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How the Transition Movement Differs from Conventional Environmentalism

The Transition Movement takes a different approach to creating a sustainable world than the methods of conventional environmentalism. It focuses on the positive progress we could make if we take collective action, instead of the destruction that would occur if we don’t. I would argue the Transition Movement is a more evolved form of environmentalism.

In his book, The Transition Handbook: From oil dependency to local resilience, author Rob Hopkins details what he sees to be the major differences:

Conventional Environmentalism The Transition Approach
Individual behaviour Group behaviour
Single issue Holistic
Tools: lobbying, campaigning and protesting Tools: public participation, eco-psychology, arts, culture and creative education
Sustainable development Resilience/relocalisation
Fear, guilt and shock as drivers for action Hope, optimism and proactivity as drivers for action
Changing National and International policy by lobbying Changing National and International policy by making them electable
The man in the street as the problem The man in the street as the solution
Blanket campaigning Targeted interventions
Single level engagement Engagement on a variety of levels
Prescriptive – advocates answers and responses Acts as a catalyst – no fixed answers
Carbon footprinting Carbon footprinting plus resilience indicators
Belief that economic growth is still possible, albeit greener growth Designing for economic renaissance, albeit a local one

If you want to begin shifting your town to a sustainable future, consider starting a local Transition initiative.


The Etymology of Stock and Broth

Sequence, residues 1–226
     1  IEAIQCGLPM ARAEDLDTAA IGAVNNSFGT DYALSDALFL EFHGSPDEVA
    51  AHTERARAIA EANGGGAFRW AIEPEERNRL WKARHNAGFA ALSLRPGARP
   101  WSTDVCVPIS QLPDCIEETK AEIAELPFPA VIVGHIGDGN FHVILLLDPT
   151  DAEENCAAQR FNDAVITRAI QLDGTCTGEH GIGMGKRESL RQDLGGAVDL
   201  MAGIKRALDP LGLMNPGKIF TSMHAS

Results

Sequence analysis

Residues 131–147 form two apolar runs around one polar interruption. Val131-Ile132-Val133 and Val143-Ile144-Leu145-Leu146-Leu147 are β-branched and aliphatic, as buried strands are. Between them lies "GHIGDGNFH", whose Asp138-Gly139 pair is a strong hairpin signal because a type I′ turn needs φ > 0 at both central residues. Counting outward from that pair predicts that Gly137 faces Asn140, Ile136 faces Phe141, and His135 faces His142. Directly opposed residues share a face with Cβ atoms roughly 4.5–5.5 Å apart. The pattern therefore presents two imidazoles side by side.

Question: When you make soup, do you start with stock or broth? Answer: It depends. Rachael Mamane answers that question and others in Mastering Stocks and Broths, the definitive and most comprehensive guide on stocks, broths, and how to prepare and use them. As a special treat to celebrate the book launch, we’ve got an excerpt […] Read More

How well do you know your charcuterie?

Prosciutto. Andouille. Country ham. The extraordinary rise in popularity of cured meats in recent years often overlooks the fact that the ancient practice of meat preservation through the use of salt, time, and smoke began as a survival technique. All over the world, various cultures developed ways to extend the viability of the hunt—and later […] Read More

Chelsea Green Weekly for May 5, 2017

Ever wonder what your favorite Chelsea Green authors do between writing groundbreaking–both literally and figuratively–books? Here are the best links and resources for your weekend reading pleasure. Let’s start with The Alzheimer’s Antidote. The Alzheimer’s Antidote Amy Berger has been making the rounds on the health, wellness, and fitness circuit, explaining the theories behind her revolutionary […] Read More

Learn from Chelsea Green authors this summer at Sterling College

Each summer, the School of the New American Farmstead at Sterling College in Vermont offers continuing education designed specifically for “agrarians, culinarians, entrepreneurs, and lifelong learners.” Chelsea Green is proud to partner with this program so you can learn from our expert authors in a hands-on, experiential setting at Sterling’s farm and teaching kitchen. Be sure to read […] Read More

4 Books for Growing Food in Winter

Don’t let cold weather stop you from producing and enjoying your own food. For many, the coming of winter simply means cultivation moves indoors or under cover. Small farmers, homesteaders, home gardeners, and commercial growers can extend the growing season with techniques outlined in these essential books. There’s no need for urbanites and small-space dwellers […] Read More
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